Subscribe to the Health & The City Newsletter

Nudging You To Make Healthier Choices

Clever supermarket cues influence food purchases and are being used to nudge people towards making healthier choices while still meeting their grocery budget.


Think you’re completely in control when you visit the supermarket? Think again. Plenty of research has gone into finding out exactly what makes shoppers purchase more. Everything from the choice of music and lighting through to the layout, entrance location and product placement, have been researched to determine the best design to get you to stay in store longer and increase your spending. So, it’s not just a coincidence that soft drinks are located in the same aisle as the chips or that essentials like milk are located at the back of the store ensuring you are attempted by at least one aisle on your way in and out. While plenty of tactics have been used to sell processed foods, researchers from New Mexico State University in the US are beginning to study ways to get shoppers to buy more fresh produce and they’re having surprising results.

Grabbing a trolley on the way into the supermarket is usually a mundane affair. But if you entered an El Paso store with your trolley, you would have been met with a reflection of yourself. The US researchers hooked onto the trolley a perfectly positioned mirror that provides a gentle reminder that the food choices you make while in store are important for helping control your weight. The mirror is designed to give you a splash of reality while shopping, instead of having you mindlessly walk up and down each aisle as you throw food into your trolley.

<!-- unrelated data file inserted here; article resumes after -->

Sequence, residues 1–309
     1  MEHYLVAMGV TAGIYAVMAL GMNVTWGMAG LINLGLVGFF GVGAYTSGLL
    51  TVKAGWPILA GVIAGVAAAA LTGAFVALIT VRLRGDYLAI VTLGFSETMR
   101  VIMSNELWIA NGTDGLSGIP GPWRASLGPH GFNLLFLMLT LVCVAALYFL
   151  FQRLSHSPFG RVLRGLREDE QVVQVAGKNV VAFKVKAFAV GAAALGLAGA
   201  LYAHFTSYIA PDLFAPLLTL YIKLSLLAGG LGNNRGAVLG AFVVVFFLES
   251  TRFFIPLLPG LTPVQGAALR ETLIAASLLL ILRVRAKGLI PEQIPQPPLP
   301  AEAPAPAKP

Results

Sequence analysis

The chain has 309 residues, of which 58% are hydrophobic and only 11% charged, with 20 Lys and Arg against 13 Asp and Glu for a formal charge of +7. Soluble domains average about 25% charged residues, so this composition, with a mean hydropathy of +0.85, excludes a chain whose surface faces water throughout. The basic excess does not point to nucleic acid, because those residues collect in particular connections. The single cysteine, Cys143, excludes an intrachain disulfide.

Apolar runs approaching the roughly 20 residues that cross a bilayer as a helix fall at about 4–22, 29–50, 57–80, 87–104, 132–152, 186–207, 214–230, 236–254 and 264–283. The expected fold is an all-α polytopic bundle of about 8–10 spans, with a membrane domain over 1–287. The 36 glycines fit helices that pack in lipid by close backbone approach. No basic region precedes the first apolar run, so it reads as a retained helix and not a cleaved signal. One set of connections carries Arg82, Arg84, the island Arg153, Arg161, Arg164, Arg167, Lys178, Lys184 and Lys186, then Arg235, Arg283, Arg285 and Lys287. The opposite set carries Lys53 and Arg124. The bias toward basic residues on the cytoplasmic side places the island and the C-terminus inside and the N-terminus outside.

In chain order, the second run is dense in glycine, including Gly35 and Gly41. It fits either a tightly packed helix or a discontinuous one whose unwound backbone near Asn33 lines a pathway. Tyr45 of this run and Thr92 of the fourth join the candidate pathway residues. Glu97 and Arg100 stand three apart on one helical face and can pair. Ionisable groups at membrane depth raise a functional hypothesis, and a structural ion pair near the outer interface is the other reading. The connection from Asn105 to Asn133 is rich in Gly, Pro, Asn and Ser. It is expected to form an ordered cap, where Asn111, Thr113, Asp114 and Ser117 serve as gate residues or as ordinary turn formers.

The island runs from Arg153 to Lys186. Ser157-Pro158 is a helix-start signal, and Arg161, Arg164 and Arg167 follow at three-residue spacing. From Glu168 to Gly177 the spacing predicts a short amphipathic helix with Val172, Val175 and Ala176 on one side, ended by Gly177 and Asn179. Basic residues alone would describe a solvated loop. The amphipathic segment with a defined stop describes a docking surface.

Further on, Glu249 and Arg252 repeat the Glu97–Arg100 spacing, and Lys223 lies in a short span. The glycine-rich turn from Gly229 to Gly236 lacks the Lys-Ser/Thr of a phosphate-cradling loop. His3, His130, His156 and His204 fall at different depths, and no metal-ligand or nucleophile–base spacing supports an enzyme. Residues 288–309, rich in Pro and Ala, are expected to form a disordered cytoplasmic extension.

What if you’re more inclined to grab a basket? There’s help for you too with researchers placing a strip of yellow duct tape down the middle of the baskets and providing an accompanying flyer encouraging you to place your fruit and vegetables in the front half of the basket. Surprisingly, the researchers found the average produce sales per customer jumped from $3.99 to $8.85. These little nudges that gently prodded shoppers to make healthier food choices didn’t stop there.

Unbeknownst to you, when you walk into a supermarket you will have an inclination to head to the right, but if you were in the El Paso store, large plastic mats bearing huge green arrows pointing left would have led you straight to the produce aisle, which is generally located at the front of a supermarket to the left. While in store you would then have passed signs telling you how much produce the average customer is buying and which fruit and vegetables are the biggest sellers – information that conveys social norms and influences you to purchase more. Sure you may purchase more of the healthier stuff, but according to the researchers you’re likely to still stick within your budget, as you’ll simply purchase less of the ‘bad’ stuff. While more research is needed, it’s nice to see researchers taking an innovative approach to gently poke people to make healthier food choices rather than using scare tactic or shaming them into it.

Have you seen any tricks promoting healthy food choices in your local supermarket?

Leave a reply